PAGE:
Three US presidential candidates who won but still lost
Feb. 18, 2013
On the third Monday in February we honor those select Americans who were elected president of the United States. But we rarely, if ever, take time to honor the also-rans.
Not just any old also-ran deserves to be honored, of course. Thousands of people have sought the presidency, but that doesn’t mean they’re especially worthy of recognition. Some candidates, though, have come within a handsbreadth of winning election to the highest office in the land, only to fall short in ways that must have added to the sting of defeat.
Throughout US history, three near-miss hopefuls actually received more votes than their opponents, only to be denied once all the rules were followed.
Andrew Jackson, 1824
In the case of John Quincy Adams’ election over Andrew Jackson in 1824, the pain of defeat only lasted four years.
Jackson was elected in 1828 in a rematch against Adams, this time devoid of Henry Clay and William H. Crawford of Georgia. Clay and Adams made a deal in 1824 that ensured Jackson, despite carrying 12 states and getting the most votes, would not assume office. The American people were not impressed, rejecting Adams soundly in 1828. Jackson was elected with 56 percent of the popular vote in his one-on-one rematch against Adams.
Samuel Tilden, 1876
If winning the most votes got a person elected president, Samuel Tilden would have been the first Democrat elected president since James Buchanan’s pre-Civil War victory of 1856. In the 1876 presidential election, Tilden easily won the national popular vote, getting roughly 51 percent to Hayes’ 48 percent.
But Hayes edged Tilden 185-184 in the closest electoral race in US history. The Southern states of Florida, South Carolina and Louisiana sent two sets of electoral votes to Congress, leading to Hayes’ eventual inauguration as president. Additionally, an Oregon elector was disqualified that year, preventing a tie. Tilden came closer than any candidate in history to winning the presidency without actually assuming office.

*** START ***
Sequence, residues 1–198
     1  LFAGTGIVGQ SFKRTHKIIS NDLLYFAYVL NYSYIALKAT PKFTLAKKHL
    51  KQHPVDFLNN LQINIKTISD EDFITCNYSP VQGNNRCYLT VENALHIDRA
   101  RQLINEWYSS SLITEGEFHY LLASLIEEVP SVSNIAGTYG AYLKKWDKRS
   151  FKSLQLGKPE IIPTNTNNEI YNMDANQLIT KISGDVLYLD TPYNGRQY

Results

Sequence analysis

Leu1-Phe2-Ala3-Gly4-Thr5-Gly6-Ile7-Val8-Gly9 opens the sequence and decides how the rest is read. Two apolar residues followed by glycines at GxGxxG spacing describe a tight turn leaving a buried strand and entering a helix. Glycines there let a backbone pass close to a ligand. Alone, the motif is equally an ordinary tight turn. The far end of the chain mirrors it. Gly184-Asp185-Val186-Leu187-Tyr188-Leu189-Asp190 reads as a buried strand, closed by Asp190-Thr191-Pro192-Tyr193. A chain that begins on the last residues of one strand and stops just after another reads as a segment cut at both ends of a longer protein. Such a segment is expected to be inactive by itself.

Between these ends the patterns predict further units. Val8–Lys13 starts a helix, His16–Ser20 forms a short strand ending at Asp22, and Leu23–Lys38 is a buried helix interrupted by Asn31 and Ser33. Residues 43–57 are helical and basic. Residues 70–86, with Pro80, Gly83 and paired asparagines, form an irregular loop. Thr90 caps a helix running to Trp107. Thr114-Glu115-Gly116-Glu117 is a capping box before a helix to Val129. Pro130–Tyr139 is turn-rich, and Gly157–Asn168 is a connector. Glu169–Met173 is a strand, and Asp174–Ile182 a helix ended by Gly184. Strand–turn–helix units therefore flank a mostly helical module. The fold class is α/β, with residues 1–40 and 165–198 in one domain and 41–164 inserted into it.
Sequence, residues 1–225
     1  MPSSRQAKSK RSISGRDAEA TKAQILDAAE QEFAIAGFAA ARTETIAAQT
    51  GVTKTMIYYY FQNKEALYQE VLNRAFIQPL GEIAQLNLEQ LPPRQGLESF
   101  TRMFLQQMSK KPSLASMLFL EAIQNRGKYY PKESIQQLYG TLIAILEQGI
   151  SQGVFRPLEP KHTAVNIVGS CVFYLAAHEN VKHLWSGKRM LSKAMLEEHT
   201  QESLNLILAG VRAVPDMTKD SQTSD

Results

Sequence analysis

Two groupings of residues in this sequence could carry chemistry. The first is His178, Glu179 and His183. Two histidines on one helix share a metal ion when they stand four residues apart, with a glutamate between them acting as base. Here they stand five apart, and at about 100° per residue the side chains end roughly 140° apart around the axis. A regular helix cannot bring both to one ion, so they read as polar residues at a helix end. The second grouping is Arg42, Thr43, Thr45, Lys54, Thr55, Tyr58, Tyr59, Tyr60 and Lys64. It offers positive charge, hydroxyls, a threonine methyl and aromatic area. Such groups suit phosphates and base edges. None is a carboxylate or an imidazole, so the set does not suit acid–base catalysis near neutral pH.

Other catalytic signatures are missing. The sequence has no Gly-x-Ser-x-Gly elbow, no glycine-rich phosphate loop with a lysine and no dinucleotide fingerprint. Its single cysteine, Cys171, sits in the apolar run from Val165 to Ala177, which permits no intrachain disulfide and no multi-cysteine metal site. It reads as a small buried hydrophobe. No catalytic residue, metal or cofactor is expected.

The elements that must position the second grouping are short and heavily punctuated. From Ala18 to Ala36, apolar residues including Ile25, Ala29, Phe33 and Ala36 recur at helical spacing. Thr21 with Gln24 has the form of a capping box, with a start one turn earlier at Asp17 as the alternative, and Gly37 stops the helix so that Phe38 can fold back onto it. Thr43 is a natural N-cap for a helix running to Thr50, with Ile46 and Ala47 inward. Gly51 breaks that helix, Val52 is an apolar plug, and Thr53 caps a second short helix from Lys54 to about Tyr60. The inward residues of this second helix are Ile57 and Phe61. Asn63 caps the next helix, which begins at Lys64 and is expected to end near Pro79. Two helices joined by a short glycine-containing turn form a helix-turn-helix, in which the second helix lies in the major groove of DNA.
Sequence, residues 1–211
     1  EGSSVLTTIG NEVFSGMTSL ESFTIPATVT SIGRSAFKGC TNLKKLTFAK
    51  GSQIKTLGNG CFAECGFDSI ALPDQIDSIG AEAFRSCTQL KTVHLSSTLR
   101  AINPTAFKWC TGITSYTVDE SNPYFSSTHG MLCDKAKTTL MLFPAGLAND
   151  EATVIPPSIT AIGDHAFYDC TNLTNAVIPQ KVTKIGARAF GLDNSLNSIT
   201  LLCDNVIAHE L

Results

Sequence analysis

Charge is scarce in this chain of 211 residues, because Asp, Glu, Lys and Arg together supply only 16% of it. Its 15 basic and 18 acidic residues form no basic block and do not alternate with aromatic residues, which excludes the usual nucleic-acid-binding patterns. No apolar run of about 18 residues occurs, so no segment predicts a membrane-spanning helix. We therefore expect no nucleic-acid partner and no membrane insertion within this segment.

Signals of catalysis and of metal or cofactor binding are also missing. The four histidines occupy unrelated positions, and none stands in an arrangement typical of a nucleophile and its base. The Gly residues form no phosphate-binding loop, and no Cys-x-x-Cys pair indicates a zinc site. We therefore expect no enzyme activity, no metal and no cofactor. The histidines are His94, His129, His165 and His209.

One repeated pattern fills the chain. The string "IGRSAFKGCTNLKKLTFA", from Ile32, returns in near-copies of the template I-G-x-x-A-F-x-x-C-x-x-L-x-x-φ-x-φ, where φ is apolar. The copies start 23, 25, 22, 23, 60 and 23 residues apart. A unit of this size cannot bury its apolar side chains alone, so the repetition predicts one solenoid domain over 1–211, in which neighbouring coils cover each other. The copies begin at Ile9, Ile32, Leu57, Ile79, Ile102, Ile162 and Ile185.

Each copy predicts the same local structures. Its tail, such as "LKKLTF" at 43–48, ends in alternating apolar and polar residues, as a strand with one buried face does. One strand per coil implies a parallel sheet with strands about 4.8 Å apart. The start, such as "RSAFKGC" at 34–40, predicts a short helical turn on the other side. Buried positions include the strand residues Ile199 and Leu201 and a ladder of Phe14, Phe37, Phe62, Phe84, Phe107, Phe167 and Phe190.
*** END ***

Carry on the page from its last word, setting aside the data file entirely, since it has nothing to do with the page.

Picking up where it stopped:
Al Gore, 2000
Al Gore’s tough loss in 2000 can be blamed on a number of factors, from an inept campaign that failed to deliver his home state of Tennessee to his choice of a vice-presidential running mate to his feud with incumbent President Bill Clinton over the Monica Lewinsky affair. In the final analysis, however, it all came down to Florida.
Gore appeared headed for victory on the night of Nov. 7, 2000, when the major networks declared the vice president had won the crucial state, just as Clinton had won it in 1992 and 1996. But the announcement was premature. A variety of factors caused the networks to withdraw their projections of a Gore victory, and within a few hours, Fox News called the Sunshine State for eventual President George W. Bush. Even though the call at Fox was made by Bush’s cousin, John Ellis, the other networks followed suit and projected Bush as the winner.
But that move proved premature also, as none of the networks had taken into account that Florida law had an automatic recount provision for elections in which the top two finishers were separated by less than half a percentage point. Gore, apparently, had not taken this into account either, because he called Bush to concede soon after the networks reversed their call and projected that Bush would Florida.
By morning, though, with actual returns showing the race still too close to call, Gore reversed his concession and made the decision to lawyer-up and fight for the presidency. The fight dragged on for days until the Supreme Court, in Bush v. Gore, effectively declared Bush president by ruling that the possibility of harm from possibly counting illegal votes outweighed the right of qualified voters to have their legal votes counted.
Given the contentious state of affairs in the United States today, something equally strange or stranger than the presidential elections of 1824, 1876 and 2000 seems well within the realm of possibility for 2016, especially if Republican-dominated state legislatures succeed in attempts to reallocate electoral votes based on congressional districts.
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